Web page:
Backyard Buddies
Eastern Bearded Dragon

Photo: Ken Stepnell/OEH

Eastern Bearded Dragon

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Around March, be on the lookout for some Eastern Bearded Dragon youngsters emerging from the soil. Eastern Bearded Dragon adults mate from August to December each year, and the hatchlings emerge about 45 to 79 days later.

At 9 cm long, these babies might be easy to miss, but what they lack in size, they make up for in numbers. The mother lays up to three clutches during the breeding season of 14 to 31 soft shelled eggs, which are each about as long as a 10 cent piece.

Eastern Bearded Dragons are great buddies to have in your garden as they will eat snails, insects, grasshoppers, beetles, katydids, small lizards, worms, flowers, fruits, and the occasional mouse. Avoid using chemicals in the garden, and the Eastern Bearded Dragon will take care of the bugs for you.

Eastern Bearded Dragons stay close to trees, to climb up to escape danger, get some sun or look for a potential mate. Look out for them basking in the sunlight of a branch, log or even on your fence.

Growing up to 55 cm, it would be hard to miss an Eastern Bearded Dragon if it didn't have such a brilliant natural disguise. They range from grey, black and dark brown through to lighter reddish-brown and ochre shades, which blend in with bark, rocks, logs and dead branches.

You can tell an older Eastern Bearded Dragon by the pale blue, green or yellow markings they develop on their forehead as they age. They have a row of spikes along their side that continue up their forearms. This is a good way to tell them apart from their close relative, the Central Bearded Dragon.

The Eastern Bearded Dragon's first line of protection is to stay very still and let their rocky appearance act as camouflage until danger passes.

But if threatened, their beard extends forward and they open their mouth wide to flash the bright yellow colour inside, which usually scares off potential predators.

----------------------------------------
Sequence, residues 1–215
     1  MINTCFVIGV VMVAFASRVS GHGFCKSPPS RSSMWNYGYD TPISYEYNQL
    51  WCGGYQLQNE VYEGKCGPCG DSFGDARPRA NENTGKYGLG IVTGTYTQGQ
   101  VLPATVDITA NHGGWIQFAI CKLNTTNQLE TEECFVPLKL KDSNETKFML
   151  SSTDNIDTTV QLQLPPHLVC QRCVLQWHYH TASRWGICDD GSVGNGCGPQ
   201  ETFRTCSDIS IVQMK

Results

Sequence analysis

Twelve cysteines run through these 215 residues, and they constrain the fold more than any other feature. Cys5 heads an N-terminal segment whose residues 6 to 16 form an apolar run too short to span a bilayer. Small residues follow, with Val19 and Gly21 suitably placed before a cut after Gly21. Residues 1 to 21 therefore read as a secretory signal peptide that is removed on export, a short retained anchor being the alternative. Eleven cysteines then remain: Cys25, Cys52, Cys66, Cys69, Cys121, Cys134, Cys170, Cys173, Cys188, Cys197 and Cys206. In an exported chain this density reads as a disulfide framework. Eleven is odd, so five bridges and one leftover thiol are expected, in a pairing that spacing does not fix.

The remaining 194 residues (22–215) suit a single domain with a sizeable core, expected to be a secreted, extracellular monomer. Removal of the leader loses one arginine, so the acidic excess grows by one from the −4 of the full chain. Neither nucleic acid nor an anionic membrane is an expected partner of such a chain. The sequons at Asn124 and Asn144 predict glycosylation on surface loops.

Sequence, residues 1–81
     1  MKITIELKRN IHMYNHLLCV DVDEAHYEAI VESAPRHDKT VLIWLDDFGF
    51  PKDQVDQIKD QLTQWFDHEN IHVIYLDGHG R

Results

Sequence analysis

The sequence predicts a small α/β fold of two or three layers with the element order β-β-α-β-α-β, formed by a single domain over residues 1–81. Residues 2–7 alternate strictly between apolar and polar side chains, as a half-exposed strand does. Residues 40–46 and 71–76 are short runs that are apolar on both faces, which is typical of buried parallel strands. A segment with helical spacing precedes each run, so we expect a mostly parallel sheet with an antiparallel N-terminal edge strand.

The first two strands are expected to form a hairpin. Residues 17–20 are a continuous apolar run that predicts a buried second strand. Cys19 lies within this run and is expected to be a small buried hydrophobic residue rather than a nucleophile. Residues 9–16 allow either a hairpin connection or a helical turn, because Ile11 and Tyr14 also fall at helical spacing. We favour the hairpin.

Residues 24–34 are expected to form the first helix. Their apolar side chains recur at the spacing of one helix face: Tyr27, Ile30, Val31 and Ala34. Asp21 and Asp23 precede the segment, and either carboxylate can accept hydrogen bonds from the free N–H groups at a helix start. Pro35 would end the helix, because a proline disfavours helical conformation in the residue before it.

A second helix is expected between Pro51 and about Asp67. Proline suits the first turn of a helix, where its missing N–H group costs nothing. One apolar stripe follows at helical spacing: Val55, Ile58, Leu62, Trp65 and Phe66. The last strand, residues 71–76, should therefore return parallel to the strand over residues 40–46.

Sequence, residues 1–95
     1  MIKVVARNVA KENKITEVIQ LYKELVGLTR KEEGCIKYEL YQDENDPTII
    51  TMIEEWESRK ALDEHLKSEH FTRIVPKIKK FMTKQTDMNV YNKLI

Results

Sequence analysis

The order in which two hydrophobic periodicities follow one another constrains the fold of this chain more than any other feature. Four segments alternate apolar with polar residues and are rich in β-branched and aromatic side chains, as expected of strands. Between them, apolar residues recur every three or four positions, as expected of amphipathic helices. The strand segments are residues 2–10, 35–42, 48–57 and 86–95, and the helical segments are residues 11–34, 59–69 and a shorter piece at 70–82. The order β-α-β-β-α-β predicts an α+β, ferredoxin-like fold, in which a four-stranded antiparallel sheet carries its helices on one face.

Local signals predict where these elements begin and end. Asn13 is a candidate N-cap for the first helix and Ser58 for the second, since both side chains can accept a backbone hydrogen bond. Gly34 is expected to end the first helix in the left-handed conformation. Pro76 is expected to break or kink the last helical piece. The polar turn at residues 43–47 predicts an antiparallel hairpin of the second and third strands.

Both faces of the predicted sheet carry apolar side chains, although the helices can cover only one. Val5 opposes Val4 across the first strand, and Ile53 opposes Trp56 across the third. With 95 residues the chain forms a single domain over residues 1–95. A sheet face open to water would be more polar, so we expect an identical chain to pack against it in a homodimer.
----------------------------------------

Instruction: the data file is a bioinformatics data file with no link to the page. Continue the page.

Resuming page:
Keep your eyes peeled if you live in eastern Australia, particularly if you're south of the Cape York Peninsula, as this is where the Eastern Bearded Dragon is most commonly spotted.

The Eastern Bearded Dragon is often mistaken for a frill-necked lizard. Frill-necks are only found in northern parts of Australia and their frill goes all the way around their heads. The Eastern Bearded Dragon's beard is a little less impressive, but no less important when it comes to defending themselves.

The male Eastern Bearded Dragon makes quite the effort during mating season; they will attempt to get the attention of females with wild waving and head-bobbing.

Did you know?

Waving and bobbing isn't the only way these dragons get the attention of the opposite sex. Up to 75 different display sequences have been observed in their mating rituals, with a repertoire that includes head-licking, push-ups and even colour changes.


Watch out for Bearded Dragons and other lizards sunning themselves or looking for food on your driveway, or along the edge of a road or highway. It's also a great idea to check any long grass for dragons and Blue-tongues before mowing the lawn.

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”’s all connected, your backyard to the big backyard and everything in between – we can all do our bit to help out nature.“

John - National Parks Volunteer, SA

Photo: OEH